The Sad Demise Of London’s Best Clubs
Former London clubs have been wiped out due to redevelopment, financial problems and a wane in popularity. We say goodbye to Bagleys, The End and the Astoria.
Industry figures show that almost half of the UK’s clubs have closed down in the past decade and, unfortunately, London has lost some iconic venues.
Experts are at odds over the reasons for the decline of nightclubs in general. Some believe that it is too difficult to secure late licences as clubs are in constant battles with residents over noise levels. As they’re not able to gather the necessary numbers to police their events, club nights end up being cancelled and punters move on.
Others believe that the smoking ban, the cost of student tuition fees and the general economy may be to blame. It’s not that there are less people going out at the weekends, but they are choosing cheaper party alternatives to the traditional club night. These include warehouse raves, house parties and even the increased popularity of music festivals.
London’s Urban Regeneration
London is slightly different to other areas of the UK, in that a huge amount of money has been invested in urban regeneration and an overhaul of the public transport system. The constantly evolving landscape of the capital means that whole areas get wiped out and replaced with new developments.
In 2007, the clubland of King’s Cross changed forever as we said goodbye to three of London’s largest venues: ‘The Cross’, ‘The Key’ and ‘Canvas’. The latter was formerly ‘Bagleys’ and these three warehouse clubs formed a golden triangle for clubbers. They were replaced by the regeneration of the entire King’s Cross area which now includes property and entertainment developments.
The building of Crossrail was responsible for the closure of ‘The Astoria’ which was bulldozed to create a larger ticket hall for the new Tottenham Court Road station in 2009. The former club was home to LGBT night G.A.Y which attracted performances from artists such as Kylie and Britney.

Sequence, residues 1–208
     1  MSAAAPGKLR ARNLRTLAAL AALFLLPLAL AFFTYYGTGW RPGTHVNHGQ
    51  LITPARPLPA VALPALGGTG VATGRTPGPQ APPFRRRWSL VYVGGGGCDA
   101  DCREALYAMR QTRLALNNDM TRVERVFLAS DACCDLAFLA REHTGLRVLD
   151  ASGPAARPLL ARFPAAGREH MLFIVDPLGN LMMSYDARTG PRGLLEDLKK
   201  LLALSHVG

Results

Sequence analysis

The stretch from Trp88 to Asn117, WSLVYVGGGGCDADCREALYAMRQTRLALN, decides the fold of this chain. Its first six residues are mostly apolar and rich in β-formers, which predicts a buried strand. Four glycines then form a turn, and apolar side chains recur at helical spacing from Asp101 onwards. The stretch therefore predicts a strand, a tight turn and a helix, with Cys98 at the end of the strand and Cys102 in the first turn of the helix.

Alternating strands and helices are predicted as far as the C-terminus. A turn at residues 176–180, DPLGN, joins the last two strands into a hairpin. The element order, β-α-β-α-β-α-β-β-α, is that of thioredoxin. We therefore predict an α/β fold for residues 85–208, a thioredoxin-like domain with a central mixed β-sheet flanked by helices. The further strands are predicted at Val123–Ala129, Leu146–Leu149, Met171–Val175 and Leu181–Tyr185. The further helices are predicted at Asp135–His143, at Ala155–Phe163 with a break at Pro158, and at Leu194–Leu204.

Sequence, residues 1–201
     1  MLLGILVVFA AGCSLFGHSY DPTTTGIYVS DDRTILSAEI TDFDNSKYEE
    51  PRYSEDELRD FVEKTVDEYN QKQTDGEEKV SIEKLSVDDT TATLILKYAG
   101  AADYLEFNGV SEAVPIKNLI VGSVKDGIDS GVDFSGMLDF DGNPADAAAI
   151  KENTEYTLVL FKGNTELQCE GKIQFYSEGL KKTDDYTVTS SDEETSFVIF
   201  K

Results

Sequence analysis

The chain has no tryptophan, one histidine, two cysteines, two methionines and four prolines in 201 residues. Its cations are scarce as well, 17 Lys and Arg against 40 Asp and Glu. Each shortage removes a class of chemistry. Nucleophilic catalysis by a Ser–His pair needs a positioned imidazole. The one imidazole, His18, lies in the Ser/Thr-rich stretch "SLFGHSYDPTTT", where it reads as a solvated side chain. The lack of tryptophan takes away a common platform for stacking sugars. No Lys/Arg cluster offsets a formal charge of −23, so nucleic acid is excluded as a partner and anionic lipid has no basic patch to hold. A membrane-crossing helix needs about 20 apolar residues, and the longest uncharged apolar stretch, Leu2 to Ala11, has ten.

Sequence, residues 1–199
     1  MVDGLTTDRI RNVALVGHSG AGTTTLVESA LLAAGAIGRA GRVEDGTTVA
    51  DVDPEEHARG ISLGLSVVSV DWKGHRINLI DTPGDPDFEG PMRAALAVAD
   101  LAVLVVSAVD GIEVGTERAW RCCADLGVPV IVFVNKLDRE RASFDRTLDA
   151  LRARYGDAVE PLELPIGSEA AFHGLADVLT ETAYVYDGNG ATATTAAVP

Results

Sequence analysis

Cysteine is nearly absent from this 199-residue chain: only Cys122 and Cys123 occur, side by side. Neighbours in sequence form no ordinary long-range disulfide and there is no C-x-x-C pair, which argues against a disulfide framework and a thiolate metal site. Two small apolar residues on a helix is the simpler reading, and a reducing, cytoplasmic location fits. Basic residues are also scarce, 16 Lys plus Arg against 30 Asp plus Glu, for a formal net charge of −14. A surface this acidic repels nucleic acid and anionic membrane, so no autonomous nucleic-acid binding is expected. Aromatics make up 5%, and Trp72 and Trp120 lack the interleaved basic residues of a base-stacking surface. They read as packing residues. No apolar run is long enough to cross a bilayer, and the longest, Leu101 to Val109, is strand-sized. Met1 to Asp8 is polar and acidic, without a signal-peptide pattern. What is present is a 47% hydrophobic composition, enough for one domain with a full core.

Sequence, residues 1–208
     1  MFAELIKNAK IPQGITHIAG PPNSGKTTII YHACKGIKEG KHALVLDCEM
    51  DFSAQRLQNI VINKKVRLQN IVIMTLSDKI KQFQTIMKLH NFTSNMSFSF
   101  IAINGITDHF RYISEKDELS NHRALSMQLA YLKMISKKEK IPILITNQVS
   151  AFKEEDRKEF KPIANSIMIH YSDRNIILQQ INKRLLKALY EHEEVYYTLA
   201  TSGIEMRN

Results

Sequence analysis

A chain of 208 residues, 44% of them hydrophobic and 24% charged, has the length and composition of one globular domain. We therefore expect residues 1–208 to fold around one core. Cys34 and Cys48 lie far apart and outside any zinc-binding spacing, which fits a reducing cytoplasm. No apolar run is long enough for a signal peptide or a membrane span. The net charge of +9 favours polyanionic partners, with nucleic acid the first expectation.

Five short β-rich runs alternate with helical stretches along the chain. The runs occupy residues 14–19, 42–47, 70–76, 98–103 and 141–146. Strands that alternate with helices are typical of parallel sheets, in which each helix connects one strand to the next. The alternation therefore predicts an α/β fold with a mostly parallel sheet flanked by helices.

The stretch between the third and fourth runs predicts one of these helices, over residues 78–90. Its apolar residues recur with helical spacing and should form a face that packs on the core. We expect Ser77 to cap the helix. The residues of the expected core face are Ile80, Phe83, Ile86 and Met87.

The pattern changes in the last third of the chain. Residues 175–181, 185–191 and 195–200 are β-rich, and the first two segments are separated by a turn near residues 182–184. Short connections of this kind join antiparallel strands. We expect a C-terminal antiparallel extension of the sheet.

Another club lost to station construction work was the short-lived ‘Cable’, which opened its doors in 2009 and had them firmly closed by Network Rail in 2013. The club had a 1,300 capacity and was located beneath London Bridge station. Founder Euan Johnston explains “We were assured when we moved in that we would not be affected by the redevelopment and Network Rail have simply changed their minds.”
Of course, the global economic crisis was bound to affect the pockets of clubbers and club owners on a massive scale. Therefore it comes as no surprise that venues such as ‘SeOne’ in London Bridge closed its doors due to the recession. The club had previously boasted that it was London’s biggest nightclub with a capacity of 3,000. When the recession hit, it became harder to fill the club. As the vibe had moved on, the club had its last dance in 2010.
Other clubs such as ‘The End’ and ‘Turnmills’ simply lost their buzz and decided to quit whilst they were ahead by choosing not to renew their leases.
Many club industry experts believe that nightclubs are cyclical and that they come and go in popularity. However, some venues really do manage to stand the test of time. The glamorous ‘Café de Paris’ has been entertaining guests in the West End since 1924, whilst ‘Raffles’ has been an exclusive private members club in Chelsea for over 50 years. The capital may have lost some amazing venues, but clubbing is London is far from over just yet. Get on a guestlist this weekend and experience the best of London’s clubs for yourself.